When the migrant is married with children, remittances will usually be sent to the spouse. If both adults of the married couple go abroad, remittances are generally sent to the eldest child to administer, or to the children’s temporary guardian. This is also the case with migrant single mother. When the migrant has a choice, women are actually often chosen over men to receive and manage regular household remittances.

According to the migrants and household members interviewed, the reasons behind this trend are related to women’s traditional role as caregivers and domestic administrators in the Philippines and their consequent in-depth knowledge of the household’s basic needs. Women are perceived as “thriftier” and more responsible when handling money intended to benefit the household as a whole.

The study further demonstrated that migration and remittances have had a number of positive impacts on gender equality in the Philippines. First of all, migration seems to have economically empowered many women, as it has increased and diversified the employment opportunities available to them.

“Some women in this study were able to transition from unpaid subsistence agricultural work to the administration of small businesses, which has led to changes in their power and status in their households and communities of origin. Likewise, the investment of remittances in children’s studies has increased their levels of educational attainment, particularly among the daughters of migrants, opening up new opportunities for future generations of women,” stressed Carolina Taborga.

The direct participation of the Filipino Women’s Council members in the collection and validation of the data was fundamental to supporting the capacity building activities of Filipino migrant associations. FCW participants were able to build on prior knowledge in this area, understand how could benefit the organizations’ future strategy, and raise awareness about the potential of remittance-based development amongst Filipino migrants and their families.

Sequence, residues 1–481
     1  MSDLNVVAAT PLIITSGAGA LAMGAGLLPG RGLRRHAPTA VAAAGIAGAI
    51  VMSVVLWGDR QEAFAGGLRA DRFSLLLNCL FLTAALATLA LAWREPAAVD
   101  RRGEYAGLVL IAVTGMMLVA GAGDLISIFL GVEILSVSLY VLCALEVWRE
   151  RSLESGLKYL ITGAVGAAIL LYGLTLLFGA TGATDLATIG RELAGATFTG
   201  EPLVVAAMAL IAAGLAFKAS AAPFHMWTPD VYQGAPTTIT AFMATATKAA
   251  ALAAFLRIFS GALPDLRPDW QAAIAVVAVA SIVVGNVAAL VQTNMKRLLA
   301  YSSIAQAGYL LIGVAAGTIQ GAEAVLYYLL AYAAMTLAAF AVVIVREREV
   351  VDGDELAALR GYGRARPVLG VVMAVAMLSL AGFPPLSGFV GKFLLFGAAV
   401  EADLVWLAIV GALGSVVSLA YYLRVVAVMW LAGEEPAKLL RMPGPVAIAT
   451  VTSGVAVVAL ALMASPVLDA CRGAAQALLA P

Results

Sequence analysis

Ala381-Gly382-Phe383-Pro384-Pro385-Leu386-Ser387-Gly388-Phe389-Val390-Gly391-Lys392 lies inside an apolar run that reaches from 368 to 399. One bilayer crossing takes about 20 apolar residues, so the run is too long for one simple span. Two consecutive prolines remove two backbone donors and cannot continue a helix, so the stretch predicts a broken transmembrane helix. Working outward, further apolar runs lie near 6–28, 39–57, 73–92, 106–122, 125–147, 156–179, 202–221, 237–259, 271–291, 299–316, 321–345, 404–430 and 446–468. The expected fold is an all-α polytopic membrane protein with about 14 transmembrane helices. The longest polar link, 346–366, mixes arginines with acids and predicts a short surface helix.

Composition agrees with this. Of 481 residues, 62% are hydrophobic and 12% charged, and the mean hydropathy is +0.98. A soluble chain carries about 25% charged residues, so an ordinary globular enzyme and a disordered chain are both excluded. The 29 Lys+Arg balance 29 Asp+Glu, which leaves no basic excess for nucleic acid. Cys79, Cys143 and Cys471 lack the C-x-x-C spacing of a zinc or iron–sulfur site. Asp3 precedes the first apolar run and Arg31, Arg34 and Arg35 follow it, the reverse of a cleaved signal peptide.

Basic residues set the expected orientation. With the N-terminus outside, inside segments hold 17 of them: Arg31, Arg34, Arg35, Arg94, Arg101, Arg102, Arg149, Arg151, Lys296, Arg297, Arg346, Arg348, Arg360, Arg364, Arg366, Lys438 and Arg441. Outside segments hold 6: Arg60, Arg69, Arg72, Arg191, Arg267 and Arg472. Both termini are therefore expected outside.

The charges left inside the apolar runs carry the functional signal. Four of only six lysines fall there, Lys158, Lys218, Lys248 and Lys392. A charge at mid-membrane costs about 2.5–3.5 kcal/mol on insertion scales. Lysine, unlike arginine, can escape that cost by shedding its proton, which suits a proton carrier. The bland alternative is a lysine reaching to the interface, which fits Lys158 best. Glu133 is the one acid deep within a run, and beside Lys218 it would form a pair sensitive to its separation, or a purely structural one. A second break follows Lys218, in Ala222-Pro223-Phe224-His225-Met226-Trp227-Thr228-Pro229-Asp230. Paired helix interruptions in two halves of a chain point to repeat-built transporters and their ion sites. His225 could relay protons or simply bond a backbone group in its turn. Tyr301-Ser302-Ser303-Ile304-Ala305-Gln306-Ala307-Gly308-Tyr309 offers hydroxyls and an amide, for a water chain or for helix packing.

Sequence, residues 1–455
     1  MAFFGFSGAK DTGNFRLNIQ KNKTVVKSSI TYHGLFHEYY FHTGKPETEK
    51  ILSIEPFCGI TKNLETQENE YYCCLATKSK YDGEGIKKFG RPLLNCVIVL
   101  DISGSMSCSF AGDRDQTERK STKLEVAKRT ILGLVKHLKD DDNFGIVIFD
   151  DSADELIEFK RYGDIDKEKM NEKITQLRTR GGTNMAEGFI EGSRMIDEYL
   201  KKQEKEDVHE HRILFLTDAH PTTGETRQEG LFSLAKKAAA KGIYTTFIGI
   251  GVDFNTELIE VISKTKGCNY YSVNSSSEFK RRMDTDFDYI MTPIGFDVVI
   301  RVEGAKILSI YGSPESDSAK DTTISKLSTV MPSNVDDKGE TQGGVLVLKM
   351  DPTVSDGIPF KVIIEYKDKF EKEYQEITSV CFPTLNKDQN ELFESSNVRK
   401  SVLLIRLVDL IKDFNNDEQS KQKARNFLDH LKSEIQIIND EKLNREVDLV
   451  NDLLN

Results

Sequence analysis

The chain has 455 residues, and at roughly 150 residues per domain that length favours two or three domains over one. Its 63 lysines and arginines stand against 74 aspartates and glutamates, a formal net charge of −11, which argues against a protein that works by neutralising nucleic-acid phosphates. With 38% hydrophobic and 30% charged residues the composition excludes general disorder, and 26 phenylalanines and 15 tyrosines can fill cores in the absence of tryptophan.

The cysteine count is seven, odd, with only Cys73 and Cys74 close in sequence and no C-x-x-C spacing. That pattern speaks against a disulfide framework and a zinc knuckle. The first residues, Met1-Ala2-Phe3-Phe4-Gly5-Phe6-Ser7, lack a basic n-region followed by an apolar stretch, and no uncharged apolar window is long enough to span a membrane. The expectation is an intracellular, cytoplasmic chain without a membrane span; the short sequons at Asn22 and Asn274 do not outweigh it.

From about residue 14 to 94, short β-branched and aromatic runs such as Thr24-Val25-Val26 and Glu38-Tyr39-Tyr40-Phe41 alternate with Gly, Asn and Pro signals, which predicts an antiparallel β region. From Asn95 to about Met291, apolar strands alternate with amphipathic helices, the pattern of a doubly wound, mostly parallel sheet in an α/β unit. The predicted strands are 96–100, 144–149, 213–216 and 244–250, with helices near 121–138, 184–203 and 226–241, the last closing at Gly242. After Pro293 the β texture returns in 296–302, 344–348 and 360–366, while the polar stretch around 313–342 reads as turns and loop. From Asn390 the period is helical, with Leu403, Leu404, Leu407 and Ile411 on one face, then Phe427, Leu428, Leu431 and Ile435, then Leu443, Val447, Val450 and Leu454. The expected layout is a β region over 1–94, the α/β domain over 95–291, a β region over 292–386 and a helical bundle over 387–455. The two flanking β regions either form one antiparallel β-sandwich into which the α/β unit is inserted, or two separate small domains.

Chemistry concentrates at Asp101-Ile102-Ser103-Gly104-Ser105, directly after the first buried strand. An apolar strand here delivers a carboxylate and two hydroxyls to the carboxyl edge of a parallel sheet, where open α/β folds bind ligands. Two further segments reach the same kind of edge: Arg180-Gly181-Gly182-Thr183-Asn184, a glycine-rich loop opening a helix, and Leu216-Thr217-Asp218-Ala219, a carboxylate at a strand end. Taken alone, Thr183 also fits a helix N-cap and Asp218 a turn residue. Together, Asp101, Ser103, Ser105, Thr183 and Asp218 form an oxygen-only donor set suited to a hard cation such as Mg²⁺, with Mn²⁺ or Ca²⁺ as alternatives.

“With the insight we have gained from having participated in this process, it is now imperative that Filipino migrant associations are supported both financially and technically in the proposals they have developed to promote positive change and overcome current challenges to local/community development”, stated Charito Basa of FWC.

The UN-INSTRAW/IFAD/FWC study points to an urgent need for increased awareness among Filipino migrants -men and women- about available alternatives for sending remittances and their potential for promoting rural development in communities of origin.

In addition, the study calls for organizing public hearings, discussions, seminars and training activities etc. on remittance-based development in the Philippines and working with financial institutions to develop services specially targeted to women migrants/remitters and recipients.

This has been posted in this website with permission from UN INSTRAW. You can also read UN INSTRAWS’s media kit (facts and figures, fact-sheets, quotes of Filipino migrants, photo gallery and voices from the field) here .  Cover picture by Charito Basa.